Media figures from multiple outlets debunked Republican presidential candidate Ben Carson's allegations that no other presidential candidate has undergone similar scrutiny, after he lashed out at the media for reporting on several discrepancies in his autobiographical claims.
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Conservative radio host Armstrong Williams criticized vice-presidential debate moderator Gwen Ifill over her upcoming book about African-American political leaders, saying she "should have disclosed" it, and that it is "ultimately impossible" for her not to favor Sen. Barack Obama, because she has a "financial stake" in his winning the presidency. However, beginning in 2003, Williams did not disclose that he received $240,000 in Education Department funds to promote No Child Left Behind. The Government Accountability Office found that the Department of Education's actions constituted "covert propaganda" in violation of the law.
On PBS' Washington Week, host Gwen Ifill suggested that a political "caffeine gap" could "hold the key to the next election," suggesting that the preponderance of coffee shops in "Red State" Arizona "explains John McCain."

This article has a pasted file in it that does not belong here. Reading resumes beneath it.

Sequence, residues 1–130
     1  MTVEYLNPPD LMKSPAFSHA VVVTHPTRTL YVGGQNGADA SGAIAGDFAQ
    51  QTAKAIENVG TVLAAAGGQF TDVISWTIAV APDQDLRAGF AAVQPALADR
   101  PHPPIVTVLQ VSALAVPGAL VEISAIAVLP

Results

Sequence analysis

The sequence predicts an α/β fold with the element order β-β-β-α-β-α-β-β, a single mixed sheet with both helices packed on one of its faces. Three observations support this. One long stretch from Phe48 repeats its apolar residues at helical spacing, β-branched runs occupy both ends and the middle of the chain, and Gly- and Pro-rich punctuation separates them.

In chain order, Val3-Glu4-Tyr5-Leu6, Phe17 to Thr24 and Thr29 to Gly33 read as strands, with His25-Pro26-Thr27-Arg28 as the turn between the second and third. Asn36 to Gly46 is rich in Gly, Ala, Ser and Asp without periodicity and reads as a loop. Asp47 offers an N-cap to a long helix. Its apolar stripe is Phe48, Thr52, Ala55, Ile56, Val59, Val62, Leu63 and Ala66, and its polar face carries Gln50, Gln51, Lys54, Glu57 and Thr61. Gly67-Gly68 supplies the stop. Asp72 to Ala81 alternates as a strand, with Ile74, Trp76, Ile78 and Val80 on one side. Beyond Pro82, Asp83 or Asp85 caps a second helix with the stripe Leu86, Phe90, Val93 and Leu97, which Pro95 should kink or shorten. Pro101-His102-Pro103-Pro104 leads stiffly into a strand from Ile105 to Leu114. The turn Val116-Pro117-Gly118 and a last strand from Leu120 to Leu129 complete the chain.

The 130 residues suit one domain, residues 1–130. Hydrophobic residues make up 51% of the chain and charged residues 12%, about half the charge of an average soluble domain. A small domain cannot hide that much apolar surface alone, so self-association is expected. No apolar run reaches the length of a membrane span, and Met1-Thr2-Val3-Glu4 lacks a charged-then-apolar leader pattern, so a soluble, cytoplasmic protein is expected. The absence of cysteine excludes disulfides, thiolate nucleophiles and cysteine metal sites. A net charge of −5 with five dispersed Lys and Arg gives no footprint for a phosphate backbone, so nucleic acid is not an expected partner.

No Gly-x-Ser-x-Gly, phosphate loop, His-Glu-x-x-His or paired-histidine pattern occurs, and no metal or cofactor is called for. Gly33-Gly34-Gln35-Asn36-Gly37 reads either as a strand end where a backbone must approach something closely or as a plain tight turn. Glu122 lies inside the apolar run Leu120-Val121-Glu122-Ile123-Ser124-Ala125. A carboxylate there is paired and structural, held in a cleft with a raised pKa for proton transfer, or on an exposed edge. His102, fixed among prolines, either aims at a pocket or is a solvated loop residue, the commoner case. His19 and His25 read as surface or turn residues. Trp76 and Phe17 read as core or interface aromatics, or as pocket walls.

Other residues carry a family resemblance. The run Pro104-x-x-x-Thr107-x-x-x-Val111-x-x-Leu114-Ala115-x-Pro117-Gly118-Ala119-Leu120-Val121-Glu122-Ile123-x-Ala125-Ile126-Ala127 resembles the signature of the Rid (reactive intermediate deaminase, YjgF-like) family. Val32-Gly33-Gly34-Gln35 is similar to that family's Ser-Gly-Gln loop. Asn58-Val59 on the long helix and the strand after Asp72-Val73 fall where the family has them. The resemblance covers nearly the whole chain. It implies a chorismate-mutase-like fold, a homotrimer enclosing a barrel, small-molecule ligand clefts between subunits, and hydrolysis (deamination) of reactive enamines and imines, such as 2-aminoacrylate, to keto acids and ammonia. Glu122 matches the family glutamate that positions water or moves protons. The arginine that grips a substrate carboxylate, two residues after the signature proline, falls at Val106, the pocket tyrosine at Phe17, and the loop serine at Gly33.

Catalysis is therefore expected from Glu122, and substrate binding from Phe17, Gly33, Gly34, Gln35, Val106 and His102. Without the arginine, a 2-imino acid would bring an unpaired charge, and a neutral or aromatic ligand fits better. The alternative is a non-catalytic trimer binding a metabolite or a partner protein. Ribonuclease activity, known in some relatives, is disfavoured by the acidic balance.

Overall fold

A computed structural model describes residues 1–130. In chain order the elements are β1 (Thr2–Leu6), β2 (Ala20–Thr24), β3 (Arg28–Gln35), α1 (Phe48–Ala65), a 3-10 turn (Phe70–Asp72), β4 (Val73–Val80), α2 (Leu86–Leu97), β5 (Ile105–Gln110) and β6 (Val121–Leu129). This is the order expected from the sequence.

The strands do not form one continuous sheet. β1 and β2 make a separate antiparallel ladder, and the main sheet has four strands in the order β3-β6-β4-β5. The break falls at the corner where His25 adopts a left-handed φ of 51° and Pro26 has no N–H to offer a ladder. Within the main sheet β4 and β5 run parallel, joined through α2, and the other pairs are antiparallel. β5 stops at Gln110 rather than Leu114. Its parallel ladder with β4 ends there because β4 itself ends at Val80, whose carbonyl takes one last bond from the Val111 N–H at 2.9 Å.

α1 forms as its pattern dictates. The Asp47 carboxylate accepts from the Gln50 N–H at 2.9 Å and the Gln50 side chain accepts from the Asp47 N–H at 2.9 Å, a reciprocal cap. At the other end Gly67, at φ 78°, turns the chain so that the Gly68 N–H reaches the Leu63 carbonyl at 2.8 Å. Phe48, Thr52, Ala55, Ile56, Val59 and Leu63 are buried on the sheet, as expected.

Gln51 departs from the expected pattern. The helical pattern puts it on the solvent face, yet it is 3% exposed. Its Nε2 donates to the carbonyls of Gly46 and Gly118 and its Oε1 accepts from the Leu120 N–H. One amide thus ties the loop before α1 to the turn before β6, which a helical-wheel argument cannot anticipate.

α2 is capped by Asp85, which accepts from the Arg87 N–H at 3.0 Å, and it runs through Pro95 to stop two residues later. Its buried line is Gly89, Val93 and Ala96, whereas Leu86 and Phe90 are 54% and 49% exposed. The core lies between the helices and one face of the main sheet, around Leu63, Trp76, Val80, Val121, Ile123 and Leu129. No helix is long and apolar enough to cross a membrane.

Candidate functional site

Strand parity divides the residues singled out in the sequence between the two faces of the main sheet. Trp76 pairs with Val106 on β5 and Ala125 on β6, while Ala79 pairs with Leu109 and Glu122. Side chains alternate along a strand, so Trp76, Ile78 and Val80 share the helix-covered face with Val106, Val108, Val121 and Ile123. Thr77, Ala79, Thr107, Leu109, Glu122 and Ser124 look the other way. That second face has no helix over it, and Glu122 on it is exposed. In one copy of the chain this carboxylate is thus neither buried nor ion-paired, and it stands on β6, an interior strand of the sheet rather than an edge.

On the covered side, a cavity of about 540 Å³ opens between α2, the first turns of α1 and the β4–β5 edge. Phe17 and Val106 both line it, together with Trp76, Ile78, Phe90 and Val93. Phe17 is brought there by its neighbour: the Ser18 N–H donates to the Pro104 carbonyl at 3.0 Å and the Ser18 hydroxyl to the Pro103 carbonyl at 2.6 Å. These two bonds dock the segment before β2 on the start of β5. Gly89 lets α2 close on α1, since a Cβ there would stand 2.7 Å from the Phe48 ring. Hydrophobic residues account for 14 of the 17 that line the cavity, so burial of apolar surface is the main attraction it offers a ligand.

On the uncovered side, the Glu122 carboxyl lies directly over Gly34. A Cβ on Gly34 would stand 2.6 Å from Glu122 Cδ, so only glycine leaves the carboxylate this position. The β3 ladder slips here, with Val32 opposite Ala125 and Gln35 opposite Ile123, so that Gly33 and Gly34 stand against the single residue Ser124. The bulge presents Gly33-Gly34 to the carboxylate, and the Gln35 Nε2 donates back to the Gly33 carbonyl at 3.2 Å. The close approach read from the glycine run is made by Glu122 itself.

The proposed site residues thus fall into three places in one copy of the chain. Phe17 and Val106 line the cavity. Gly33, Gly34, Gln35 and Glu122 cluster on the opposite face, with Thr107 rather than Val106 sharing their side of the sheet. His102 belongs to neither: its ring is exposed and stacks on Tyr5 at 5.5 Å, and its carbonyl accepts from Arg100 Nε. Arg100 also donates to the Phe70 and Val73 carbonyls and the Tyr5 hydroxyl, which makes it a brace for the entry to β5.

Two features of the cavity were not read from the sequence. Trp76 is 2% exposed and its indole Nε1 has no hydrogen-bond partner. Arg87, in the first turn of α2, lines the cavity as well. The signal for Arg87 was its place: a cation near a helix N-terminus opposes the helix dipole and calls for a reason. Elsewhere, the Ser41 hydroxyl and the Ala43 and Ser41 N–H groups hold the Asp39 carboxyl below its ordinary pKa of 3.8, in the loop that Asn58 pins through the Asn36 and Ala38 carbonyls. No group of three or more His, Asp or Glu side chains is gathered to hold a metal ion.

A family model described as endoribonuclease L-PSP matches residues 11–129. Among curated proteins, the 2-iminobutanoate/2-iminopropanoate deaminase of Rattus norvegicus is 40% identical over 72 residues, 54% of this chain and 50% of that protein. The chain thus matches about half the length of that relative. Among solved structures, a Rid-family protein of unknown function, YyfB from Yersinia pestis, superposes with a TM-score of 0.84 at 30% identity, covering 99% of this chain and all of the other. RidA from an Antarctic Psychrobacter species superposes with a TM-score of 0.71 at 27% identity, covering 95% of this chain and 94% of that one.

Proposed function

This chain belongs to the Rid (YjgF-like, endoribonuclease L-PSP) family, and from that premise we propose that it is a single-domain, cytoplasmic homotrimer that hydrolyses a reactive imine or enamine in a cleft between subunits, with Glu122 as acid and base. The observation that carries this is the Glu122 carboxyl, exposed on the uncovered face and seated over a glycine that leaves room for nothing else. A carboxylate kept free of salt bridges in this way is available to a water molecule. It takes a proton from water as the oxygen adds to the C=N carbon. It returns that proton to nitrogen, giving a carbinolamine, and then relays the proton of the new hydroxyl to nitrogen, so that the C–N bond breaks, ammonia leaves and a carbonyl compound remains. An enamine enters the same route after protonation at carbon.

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In a segment on Al Gore's global warming campaign, PBS' Gwen Ifill noted that "critics have called Gore 'alarmist,' " before airing a clip of an ad produced by the Competitive Enterprise Institute (CEI), which she identified only as a "Washington think tank." But Ifill did not mention that CEI is a conservative institution largely funded by the energy industry, which has a financial stake in opposing policies that seek to combat climate change.
PBS senior correspondent Gwen Ifill characterized criticism of Supreme Court nominee Samuel A. Alito Jr. by liberal "interest groups" as "demonization."